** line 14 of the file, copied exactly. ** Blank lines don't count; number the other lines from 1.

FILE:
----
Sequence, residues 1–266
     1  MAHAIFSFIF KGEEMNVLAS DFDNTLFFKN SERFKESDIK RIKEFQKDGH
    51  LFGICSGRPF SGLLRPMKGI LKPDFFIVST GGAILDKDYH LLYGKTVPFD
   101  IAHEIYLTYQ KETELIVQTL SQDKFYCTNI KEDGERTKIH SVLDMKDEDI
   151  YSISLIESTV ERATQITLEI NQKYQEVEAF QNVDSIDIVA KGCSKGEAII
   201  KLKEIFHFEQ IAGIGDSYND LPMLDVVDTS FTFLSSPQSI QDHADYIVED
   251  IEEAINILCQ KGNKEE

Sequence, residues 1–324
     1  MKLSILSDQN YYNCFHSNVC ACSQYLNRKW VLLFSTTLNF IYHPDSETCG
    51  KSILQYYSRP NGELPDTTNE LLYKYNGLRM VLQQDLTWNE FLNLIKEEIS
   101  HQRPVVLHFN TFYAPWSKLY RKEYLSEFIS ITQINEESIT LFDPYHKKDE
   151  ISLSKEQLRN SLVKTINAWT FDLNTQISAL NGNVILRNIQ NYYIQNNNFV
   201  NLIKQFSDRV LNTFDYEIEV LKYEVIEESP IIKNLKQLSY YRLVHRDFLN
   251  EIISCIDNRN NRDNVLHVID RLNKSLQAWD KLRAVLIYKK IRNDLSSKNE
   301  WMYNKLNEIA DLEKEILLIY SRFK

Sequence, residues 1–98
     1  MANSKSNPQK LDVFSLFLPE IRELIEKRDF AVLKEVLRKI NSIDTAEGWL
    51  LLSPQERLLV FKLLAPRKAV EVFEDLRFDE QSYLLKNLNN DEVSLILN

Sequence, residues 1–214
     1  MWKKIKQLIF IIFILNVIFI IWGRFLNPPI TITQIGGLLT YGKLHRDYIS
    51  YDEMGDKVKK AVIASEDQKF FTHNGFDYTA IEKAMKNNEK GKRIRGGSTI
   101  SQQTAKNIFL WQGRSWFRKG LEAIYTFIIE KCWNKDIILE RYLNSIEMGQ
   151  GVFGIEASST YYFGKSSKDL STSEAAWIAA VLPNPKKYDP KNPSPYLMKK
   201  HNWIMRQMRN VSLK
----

   251  EIISCIDNRN NRDNVLHVID RLNKSLQAWD KLRAVLIYKK IRNDLSSKNE